If your content marketing strategy resembles this cartoon, step away from the white paper you’ve just uploaded and spend a few minutes with me.
All content is not the same. This may seem obvious in theory, but in practice, many companies seem to have a “one content fits all” approach. To deliver your message successfully, you have to realize that writing for video and writing for print are not one and the same.
There are two main concepts to keep in mind when writing a video script:
Be concise and write for the ear, not the eye.
Let’s look at script length first.
As I discussed in my last post, before the scriptwriting process begins, there is a previous step called the script outline. This is often the time when a client first sees the difference in writing for video and writing for print. The primary goal of the script outline is time allocation. We’ve found that 60 seconds of video is equal to between 140-160 words. That’s how much time you have to tell your story. Think about that for a minute. This post is at 190 words already.
So, let’s take a look at how to break up that 60 seconds, shall we? If you figure there’s about 10 seconds for a bold opener and about 5 seconds for a concluding call-to-action, that leaves you with 45 seconds for the “meat” of the video: your story. Still think that long list under the “Features” tab on your website can be regurgitated here in 45 seconds?
In a narrated video, 99% of the time your story will be told via voice over. This is what I mean by writing for the ear. The words used must not only make your point quickly, but they have to written to be read aloud. “Ubiquitous”, for example, may be a great Spelling Bee word but it’s deadly for video. Not only could it tongue-tie the voice over artist, it’s one of those words that seem to stop you in your tracks. You think you know what it means but you’re not sure, so you keep thinking about it and by the time you stop thinking about it, the video is over and so are the chances that you heard anything past “ubiquitous”.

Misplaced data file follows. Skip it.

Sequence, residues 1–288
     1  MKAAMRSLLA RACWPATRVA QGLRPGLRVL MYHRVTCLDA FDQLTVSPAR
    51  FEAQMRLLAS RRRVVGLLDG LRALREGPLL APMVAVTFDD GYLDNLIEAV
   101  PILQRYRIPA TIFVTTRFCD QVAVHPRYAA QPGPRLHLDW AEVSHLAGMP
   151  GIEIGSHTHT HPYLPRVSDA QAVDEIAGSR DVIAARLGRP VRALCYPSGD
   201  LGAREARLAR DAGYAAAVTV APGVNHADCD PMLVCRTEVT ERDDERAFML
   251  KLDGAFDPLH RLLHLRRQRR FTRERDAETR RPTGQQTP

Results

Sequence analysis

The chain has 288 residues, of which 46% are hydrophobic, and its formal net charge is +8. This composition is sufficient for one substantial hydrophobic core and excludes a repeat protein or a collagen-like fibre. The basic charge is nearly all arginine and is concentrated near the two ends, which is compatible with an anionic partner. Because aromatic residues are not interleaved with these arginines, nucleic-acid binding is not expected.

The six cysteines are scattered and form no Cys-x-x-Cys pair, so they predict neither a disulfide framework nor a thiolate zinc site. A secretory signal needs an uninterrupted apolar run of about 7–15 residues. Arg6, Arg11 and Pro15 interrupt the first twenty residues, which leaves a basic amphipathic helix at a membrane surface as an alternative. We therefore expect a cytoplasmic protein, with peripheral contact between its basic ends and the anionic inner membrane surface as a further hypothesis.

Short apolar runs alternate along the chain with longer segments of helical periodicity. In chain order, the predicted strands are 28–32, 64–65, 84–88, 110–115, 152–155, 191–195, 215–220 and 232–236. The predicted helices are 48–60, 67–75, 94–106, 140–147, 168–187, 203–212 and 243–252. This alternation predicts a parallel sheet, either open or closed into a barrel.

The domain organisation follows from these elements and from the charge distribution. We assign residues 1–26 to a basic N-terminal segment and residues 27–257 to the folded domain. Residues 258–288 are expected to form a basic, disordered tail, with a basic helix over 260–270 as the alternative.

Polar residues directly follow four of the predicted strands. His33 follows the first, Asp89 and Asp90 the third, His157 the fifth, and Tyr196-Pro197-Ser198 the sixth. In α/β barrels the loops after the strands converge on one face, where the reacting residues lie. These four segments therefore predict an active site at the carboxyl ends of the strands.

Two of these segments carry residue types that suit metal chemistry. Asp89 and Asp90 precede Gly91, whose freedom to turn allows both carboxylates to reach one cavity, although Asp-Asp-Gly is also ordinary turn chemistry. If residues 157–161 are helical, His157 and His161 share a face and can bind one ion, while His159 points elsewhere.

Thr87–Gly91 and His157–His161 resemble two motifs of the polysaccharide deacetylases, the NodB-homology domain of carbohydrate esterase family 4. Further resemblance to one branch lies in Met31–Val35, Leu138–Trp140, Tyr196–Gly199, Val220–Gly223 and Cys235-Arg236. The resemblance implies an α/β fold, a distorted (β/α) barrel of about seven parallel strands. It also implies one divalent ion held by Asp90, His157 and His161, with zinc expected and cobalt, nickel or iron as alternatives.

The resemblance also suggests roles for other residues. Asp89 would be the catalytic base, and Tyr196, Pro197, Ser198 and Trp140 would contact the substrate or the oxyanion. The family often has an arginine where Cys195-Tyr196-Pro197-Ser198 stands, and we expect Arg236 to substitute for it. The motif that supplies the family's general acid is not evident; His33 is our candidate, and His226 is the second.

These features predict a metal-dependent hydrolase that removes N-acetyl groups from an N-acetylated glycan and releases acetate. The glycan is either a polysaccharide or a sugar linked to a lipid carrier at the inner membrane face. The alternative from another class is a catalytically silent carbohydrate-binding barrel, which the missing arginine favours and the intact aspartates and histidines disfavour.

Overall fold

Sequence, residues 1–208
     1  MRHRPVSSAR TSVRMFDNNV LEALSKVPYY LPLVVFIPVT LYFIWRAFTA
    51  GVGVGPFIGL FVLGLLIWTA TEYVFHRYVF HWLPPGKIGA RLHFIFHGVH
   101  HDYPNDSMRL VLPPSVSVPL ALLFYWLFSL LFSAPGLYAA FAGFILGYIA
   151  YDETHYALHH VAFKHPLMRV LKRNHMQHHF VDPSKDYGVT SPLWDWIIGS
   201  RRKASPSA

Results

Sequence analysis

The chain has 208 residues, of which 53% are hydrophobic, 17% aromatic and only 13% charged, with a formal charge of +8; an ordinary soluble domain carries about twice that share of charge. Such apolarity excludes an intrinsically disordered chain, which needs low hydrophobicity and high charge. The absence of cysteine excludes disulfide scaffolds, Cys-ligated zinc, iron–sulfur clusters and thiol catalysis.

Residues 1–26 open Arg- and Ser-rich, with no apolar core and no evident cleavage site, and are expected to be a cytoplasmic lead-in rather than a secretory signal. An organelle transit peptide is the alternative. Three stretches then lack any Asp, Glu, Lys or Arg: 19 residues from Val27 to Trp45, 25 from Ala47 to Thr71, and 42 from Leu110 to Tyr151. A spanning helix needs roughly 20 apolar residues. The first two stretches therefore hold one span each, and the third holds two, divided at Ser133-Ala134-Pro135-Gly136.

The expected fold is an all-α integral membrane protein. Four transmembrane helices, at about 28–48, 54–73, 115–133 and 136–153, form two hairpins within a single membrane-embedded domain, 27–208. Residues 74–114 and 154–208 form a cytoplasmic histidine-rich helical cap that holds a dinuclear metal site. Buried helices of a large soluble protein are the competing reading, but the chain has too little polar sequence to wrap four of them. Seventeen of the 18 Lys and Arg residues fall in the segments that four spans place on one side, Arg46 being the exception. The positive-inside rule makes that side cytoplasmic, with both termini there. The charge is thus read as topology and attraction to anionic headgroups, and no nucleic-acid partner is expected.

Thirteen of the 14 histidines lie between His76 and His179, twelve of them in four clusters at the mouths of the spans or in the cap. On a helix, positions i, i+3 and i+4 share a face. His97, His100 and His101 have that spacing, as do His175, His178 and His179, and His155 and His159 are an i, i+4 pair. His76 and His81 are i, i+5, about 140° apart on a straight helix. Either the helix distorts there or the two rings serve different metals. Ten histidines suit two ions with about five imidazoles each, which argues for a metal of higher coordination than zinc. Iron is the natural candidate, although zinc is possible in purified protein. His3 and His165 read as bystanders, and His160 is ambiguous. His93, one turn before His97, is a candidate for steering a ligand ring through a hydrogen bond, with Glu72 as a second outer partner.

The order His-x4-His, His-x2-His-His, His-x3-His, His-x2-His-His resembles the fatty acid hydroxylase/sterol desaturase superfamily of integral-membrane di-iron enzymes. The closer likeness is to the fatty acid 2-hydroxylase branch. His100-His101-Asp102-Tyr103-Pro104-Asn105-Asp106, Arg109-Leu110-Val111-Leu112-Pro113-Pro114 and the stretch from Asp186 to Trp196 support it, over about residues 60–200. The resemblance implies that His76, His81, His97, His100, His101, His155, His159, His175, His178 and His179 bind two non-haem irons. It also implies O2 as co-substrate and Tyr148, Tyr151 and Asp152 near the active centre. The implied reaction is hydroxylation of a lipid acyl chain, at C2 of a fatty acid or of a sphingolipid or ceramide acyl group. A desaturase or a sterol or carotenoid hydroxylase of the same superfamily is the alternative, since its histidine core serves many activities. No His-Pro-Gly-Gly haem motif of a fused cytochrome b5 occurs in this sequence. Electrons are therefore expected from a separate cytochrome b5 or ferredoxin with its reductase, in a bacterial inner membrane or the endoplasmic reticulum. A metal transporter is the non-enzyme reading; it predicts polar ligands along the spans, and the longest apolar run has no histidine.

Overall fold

Whether you’re writing your own scripts or having a company like RocketWheel write them for you, always keep an eye on the word count and read the script aloud and see if anything sounds off or trips you up. If it does, that means there’s a better way to say it.
About the author: Kelly Reiterman is the lead copywriter and content producer at RocketWheel. She disseminates information from creative briefs, marketing materials and client conversations into crisp, understandable and engaging copy.